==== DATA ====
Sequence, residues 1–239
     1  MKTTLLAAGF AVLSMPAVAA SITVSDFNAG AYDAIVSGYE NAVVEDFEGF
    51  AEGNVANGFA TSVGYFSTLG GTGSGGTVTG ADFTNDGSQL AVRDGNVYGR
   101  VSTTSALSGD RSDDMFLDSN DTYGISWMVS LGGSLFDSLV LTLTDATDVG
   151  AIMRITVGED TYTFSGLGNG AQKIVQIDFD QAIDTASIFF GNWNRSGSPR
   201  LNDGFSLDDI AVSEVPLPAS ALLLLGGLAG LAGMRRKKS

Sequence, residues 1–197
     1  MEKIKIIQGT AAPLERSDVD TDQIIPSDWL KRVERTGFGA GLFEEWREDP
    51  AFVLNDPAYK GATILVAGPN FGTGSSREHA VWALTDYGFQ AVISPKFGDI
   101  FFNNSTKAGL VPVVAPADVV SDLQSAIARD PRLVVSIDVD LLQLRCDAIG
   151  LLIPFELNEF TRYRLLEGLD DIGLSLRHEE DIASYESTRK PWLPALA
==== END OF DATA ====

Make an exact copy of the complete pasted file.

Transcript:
Sequence, residues 1–239
     1  MKTTLLAAGF AVLSMPAVAA SITVSDFNAG AYDAIVSGYE NAVVEDFEGF
    51  AEGNVANGFA TSVGYFSTLG GTGSGGTVTG ADFTNDGSQL AVRDGNVYGR
   101  VSTTSALSGD RSDDMFLDSN DTYGISWMVS LGGSLFDSLV LTLTDATDVG
   151  AIMRITVGED TYTFSGLGNG AQKIVQIDFD QAIDTASIFF GNWNRSGSPR
   201  LNDGFSLDDI AVSEVPLPAS ALLLLGGLAG LAGMRRKKS

Sequence, residues 1–197
     1  MEKIKIIQGT AAPLERSDVD TDQIIPSDWL KRVERTGFGA GLFEEWREDP
    51  AFVLNDPAYK GATILVAGPN FGTGSSREHA VWALTDYGFQ AVISPKFGDI
   101  FFNNSTKAGL VPVVAPADVV SDLQSAIARD PRLVVSIDVD LLQLRCDAIG
   151  LLIPFELNEF TRYRLLEGLD DIGLSLRHEE DIASYESTRK PWLPALA